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Frederick Douglass’s Cedar Hill Home

February 28, 2018

I had to make a reservation to get into Frederick Douglass’s Cedar Hill home. Okay, that’s over-stating things. I wanted to make a reservation. Otherwise, what if I showed up and all ten spots on the National Park Service tour were taken? One thing would lead to another, and I’d be drowning my sorrows in cabbage and a patty at Caribbean Citations just when my waistline would be saying that’s not such a good idea.

Horned Hat Rack of Awesomeness

Horned Hat Rack of Awesomeness

Pie Cabinet. Yes, Pie Cabinet.

Pie Cabinet. Yes, Pie Cabinet.

But it turns out I was the only one on the Cedar Hill tour. That was super-perfect for me but unfortunate for the nine-person group that also reserved spots but didn’t show up. They missed out on that amazing feeling of being surrounded by a sense of history and actual objects that participated (at least peripherally) in events. Cedar Hill was never gutted as so many other historic homes and buildings have been. (Spoiler alert — the interior of Ford’s Theatre is a re-creation!) Seventy percent of Cedar Hill furnishings were in the house when Frederick Douglass lived there.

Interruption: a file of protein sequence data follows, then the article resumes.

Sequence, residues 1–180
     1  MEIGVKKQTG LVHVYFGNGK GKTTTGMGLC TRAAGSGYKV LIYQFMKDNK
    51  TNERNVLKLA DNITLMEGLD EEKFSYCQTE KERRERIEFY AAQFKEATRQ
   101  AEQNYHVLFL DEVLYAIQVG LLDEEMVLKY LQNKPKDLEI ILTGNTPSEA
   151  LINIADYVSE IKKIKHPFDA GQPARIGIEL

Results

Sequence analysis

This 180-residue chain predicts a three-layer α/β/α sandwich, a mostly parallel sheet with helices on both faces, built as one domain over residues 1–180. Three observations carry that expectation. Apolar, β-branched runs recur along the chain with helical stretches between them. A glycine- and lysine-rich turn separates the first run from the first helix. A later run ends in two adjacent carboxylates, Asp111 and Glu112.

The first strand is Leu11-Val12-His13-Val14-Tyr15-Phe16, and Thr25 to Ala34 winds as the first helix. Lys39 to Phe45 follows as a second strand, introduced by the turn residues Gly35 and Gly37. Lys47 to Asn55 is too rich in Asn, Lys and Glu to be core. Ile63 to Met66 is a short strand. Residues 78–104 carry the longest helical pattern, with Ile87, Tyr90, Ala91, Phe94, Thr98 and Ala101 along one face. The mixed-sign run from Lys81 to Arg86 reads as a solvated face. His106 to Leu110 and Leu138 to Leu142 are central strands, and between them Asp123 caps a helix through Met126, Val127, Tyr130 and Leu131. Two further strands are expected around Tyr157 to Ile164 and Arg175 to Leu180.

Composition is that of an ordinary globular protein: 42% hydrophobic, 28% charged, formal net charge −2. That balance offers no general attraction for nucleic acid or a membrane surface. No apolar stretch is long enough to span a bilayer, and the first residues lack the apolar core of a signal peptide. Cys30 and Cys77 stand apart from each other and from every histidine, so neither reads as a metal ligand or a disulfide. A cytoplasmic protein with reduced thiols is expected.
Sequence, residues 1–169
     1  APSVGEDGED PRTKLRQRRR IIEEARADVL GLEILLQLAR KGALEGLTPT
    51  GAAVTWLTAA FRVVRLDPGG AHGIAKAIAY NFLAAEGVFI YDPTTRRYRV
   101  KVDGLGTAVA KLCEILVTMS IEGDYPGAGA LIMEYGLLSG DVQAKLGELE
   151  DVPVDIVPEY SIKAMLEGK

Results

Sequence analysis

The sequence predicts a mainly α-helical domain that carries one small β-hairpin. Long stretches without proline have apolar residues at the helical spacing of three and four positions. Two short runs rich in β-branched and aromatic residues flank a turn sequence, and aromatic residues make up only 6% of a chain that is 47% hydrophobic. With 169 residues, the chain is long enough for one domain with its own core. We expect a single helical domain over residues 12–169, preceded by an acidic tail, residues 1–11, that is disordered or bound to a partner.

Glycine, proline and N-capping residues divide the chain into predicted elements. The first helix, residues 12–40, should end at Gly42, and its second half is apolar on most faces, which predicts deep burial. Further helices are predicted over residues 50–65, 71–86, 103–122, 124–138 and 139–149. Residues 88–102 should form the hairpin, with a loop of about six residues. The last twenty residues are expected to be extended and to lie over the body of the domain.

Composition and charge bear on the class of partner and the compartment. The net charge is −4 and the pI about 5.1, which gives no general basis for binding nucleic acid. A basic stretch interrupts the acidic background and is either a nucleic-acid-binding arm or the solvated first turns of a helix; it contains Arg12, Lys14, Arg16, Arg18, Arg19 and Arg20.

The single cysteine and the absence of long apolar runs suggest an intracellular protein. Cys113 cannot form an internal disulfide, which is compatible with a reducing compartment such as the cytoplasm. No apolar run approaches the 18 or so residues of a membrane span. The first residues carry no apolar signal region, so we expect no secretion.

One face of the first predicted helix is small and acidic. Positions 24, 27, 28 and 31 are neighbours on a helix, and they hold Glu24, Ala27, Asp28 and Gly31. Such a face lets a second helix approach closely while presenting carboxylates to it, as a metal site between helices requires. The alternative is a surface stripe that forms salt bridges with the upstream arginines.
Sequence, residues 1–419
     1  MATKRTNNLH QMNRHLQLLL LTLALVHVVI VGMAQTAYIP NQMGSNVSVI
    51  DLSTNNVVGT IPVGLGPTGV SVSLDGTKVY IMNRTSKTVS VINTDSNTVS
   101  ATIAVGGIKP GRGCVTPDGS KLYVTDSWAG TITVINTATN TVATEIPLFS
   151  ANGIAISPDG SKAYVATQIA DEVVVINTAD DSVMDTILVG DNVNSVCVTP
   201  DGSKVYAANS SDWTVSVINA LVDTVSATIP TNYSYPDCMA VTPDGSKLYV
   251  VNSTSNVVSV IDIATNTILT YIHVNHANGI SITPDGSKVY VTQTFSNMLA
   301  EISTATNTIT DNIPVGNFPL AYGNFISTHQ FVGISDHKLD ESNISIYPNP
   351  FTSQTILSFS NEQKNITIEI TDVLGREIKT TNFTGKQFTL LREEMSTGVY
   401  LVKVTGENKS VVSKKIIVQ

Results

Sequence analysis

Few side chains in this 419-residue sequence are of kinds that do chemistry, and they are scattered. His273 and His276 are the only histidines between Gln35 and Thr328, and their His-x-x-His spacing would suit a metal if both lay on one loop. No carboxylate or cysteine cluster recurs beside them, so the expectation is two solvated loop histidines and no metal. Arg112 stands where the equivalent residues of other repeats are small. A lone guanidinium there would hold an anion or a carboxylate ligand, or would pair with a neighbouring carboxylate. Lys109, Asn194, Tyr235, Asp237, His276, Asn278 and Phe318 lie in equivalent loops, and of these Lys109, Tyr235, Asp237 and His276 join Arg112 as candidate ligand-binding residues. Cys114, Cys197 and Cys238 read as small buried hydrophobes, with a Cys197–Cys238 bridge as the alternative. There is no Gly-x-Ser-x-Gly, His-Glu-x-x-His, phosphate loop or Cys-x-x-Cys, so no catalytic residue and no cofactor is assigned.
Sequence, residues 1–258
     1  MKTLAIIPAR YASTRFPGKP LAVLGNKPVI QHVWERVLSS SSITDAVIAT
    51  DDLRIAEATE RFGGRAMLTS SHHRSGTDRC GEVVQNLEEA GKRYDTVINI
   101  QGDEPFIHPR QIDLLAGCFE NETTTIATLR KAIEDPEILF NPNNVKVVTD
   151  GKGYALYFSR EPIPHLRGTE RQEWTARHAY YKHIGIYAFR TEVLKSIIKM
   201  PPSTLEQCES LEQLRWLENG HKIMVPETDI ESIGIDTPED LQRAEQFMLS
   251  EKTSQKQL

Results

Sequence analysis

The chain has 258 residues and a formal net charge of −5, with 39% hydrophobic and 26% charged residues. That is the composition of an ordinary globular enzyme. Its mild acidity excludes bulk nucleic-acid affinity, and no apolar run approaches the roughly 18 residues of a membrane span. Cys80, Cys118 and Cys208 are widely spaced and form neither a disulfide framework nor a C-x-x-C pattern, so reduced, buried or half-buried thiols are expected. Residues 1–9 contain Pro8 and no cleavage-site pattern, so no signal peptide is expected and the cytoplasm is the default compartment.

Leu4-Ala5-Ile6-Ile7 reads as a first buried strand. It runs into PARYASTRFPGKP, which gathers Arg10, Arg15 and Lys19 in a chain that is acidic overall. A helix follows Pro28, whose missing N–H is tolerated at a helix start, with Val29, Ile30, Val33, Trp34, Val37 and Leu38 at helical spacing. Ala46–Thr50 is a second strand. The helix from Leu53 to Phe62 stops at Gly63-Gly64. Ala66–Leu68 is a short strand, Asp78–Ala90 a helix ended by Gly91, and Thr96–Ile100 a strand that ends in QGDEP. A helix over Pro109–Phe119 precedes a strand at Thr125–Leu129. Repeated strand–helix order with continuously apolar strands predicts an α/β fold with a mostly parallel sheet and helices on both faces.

Mr. Barnes was my personal tour guide through Cedar Hill. What a treat! And what an effort on my part not to touch the furnishings!

A few years ago while I was consuming book after book of Civil War history, I read Narrative of the Life of Frederick Douglass. The book was published in 1845. Connecting with the horror Mr. Douglass describes in his first autobiography has always been hard — not hard to imagine, but hard to want to imagine. Plus, I don’t like to think about how the United States Constitution once legalized enslaving people or how in the 150 years since that changed, people in the U.S. still have to fight for basic rights.

Photograph of Anna Murray Douglass (1813–1882), the first wife of Frederick Douglass

Anna Murray Douglass (1813–1882), the first wife of Frederick Douglass